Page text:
is pleading the second I to believe in, to recognize.

The I that might return out of that trinity, that

third I.

But can it touch the world? Can it make five?

Can I touch anything?

[[[That other pronoun - the "they" - helps.]]]


If that 23 year old got anything right, it was

loving communities, and being unable

to conceptualize property.

I own more things today than I ever have.

Two handfuls of kitchen equipment,

a bed frame. No

assets, no car or home or

stock or career or stable drive

toward life, but still more. I wonder:

if I ever do own, will I learn to miss?

Or is that just the commodity fetish?

Do you remember the commodity fetish?

It's a consequence of the mode of production -

capitalism -

where relationships between people

are obfuscated into relationships between things.

A fun game:

take a look around, and guess how many people are hiding.

Take this handmade Hello Kitty. Oli is hiding in it

they made it and gave it to me. To make it

they needed fabric, lace, buttons, stitches, stuffing.

That's at least a couple factories. They needed to know

how to stitch, where to get these things.

At a rough estimate, I'd say this handmade Hello Kitty

hides at least a dozen people. Except.

That's only counting the people who immediately touched it in some way.

Because each of those people was shaped

by people who took care of them when they were sick

laughed with them when they were sad

fed them;

each was shaped by people who exploited them,

turned their bodies into laboring abstractions

profited off of stolen time

preyed on moments of weakness.

It's not quite true that

everything is everyone



In tabletop roleplaying saying is doing,

doing is being, and being

is agreeing to a story, together.

A story, of course, is a collection of people

alchemizing the raw material of rules, lines,

randomness, and interpersonal histories

into models of relationships,

imaginary social structures,

expressions of joy or regret

and tests of the limits of plausibility.

[[[If this poem is testament

to a decade of doing,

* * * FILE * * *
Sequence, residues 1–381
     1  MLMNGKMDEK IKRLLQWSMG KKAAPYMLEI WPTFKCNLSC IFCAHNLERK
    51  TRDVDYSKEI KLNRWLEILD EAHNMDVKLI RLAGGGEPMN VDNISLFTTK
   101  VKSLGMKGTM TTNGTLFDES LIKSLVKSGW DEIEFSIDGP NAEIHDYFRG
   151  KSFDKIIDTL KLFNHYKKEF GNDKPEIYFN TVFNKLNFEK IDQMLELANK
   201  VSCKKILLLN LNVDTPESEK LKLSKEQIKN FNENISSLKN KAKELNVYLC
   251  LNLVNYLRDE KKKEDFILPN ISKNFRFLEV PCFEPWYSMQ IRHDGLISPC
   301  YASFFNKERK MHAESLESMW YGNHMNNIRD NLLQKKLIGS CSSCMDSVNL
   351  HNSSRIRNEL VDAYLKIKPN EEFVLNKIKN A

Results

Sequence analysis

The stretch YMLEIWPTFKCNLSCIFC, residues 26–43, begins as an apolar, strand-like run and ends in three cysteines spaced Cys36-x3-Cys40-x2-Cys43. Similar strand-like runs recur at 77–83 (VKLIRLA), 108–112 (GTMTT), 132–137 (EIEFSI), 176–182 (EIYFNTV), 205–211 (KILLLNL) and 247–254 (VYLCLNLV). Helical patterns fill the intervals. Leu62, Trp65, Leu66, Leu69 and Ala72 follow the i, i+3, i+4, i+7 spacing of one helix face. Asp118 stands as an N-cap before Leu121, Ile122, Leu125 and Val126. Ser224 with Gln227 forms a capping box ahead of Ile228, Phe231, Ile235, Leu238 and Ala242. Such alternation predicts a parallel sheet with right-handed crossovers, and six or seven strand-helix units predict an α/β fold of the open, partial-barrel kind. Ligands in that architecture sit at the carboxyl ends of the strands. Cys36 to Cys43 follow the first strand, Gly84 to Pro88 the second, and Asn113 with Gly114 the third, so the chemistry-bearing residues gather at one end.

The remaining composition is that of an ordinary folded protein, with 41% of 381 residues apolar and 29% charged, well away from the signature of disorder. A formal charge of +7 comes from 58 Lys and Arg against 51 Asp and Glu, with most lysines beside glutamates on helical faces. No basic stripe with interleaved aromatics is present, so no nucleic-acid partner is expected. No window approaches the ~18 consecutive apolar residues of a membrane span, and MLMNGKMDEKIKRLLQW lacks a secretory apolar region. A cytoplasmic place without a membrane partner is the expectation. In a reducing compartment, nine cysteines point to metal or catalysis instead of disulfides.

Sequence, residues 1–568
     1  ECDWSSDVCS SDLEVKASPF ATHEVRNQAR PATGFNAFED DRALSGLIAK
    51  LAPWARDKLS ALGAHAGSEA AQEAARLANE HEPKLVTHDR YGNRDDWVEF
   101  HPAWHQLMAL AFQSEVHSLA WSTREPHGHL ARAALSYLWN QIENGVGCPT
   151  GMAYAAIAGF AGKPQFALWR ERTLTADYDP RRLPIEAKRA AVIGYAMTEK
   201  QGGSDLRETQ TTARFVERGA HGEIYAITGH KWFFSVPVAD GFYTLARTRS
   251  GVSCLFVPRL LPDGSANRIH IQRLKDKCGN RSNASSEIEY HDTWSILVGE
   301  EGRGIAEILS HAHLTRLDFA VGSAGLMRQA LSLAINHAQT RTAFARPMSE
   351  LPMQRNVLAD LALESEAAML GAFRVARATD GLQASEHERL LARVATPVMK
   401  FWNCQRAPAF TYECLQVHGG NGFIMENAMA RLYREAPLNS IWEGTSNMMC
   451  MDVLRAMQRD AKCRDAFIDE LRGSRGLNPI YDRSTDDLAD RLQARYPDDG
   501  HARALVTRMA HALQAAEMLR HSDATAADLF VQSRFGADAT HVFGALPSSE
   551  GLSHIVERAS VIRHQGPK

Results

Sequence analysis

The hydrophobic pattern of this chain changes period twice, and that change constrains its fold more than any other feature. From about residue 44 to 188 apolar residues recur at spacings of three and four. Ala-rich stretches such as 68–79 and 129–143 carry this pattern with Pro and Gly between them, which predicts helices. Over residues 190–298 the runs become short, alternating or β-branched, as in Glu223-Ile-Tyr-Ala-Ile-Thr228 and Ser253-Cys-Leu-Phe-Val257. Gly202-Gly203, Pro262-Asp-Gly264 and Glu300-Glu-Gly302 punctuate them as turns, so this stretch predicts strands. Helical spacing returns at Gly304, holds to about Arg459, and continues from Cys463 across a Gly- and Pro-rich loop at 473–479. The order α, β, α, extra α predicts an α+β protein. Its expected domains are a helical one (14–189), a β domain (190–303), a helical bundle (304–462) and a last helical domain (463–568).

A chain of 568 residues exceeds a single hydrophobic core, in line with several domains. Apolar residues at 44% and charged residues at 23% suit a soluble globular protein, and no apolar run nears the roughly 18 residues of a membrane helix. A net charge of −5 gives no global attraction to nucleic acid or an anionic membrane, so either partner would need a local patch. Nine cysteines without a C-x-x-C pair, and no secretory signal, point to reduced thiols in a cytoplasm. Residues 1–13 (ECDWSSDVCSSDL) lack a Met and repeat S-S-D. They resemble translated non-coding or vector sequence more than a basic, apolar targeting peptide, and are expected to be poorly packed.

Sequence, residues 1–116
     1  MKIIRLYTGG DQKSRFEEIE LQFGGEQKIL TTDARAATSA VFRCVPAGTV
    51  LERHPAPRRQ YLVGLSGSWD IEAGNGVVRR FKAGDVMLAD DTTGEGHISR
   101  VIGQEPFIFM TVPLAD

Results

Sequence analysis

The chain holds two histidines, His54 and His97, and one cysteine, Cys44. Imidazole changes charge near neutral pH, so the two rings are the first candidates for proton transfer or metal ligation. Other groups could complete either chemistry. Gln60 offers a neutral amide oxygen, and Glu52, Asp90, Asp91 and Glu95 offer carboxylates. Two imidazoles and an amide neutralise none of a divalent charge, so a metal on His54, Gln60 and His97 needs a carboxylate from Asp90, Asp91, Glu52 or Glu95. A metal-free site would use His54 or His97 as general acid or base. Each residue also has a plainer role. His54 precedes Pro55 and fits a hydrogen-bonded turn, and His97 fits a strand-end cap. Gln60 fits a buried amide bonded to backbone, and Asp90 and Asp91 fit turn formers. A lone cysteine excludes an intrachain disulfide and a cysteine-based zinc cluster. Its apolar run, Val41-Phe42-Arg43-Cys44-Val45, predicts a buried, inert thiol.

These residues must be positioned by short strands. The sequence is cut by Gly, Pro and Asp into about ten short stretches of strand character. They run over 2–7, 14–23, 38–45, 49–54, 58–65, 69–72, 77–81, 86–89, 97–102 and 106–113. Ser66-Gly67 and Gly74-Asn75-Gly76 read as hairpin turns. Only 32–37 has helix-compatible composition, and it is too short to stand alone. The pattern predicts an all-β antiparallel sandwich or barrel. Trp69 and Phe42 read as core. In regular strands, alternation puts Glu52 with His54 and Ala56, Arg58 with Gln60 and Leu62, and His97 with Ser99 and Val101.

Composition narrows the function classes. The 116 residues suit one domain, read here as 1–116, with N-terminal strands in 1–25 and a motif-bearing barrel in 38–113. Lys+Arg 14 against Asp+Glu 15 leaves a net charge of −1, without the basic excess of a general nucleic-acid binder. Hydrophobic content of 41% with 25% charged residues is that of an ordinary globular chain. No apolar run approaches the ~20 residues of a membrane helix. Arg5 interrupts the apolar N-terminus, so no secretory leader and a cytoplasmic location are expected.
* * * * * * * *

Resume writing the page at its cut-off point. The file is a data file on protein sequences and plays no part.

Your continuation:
it might run the risk of erasing

the fact that this has been a decade of personal failure.]]]

So I seized on one of the stories that tabletop roleplaying games tell.

"To do it, do it."

If you're in a fight, don't say

"I roll to attack."


"Backed into a corner I:

Swing my battle axe (or)

Release poisonous spores (or)

Fall in love (or)."

To do it, do it.

Tell the story together, with trust.

It's the only phrase that's ever managed

to orient me toward something resembling

a future. Because a told story

becomes a story remembered;

a clean kitchen one to cook in.

And because, like every other bit of this poem,

it is a way of being against atomization.

[[[A decade of personal failures can only be stomached

if you can abandon the personal.]]]


Five lies at the center of the mystical hub

not because it has any special properties of its own,

but because

of its relationships.

Any time you find the need to do some arcane pattern-finding

you convert everything according to numerological norms.

At first, the fives will be scarce.

But if you break it down just right

you'll always end up with a five.


This decade of hello kitty horror games

and albums and podcasts

and other gifts is a decade

of crises of capital producing

austerity and death, generalized precarity,

proletarianizing. It's a decade of

militancy repeatedly crushed by agents of the state

and their militias. It's a decade that

cuts off at the beginning of covid.

But we're avoiding the question.

Can I touch anything?

Is there a fifth I after

the author, the reader,

the apotheosis, and the aspiration?


"I" can't touch anything.

"You" can, though.

And we must.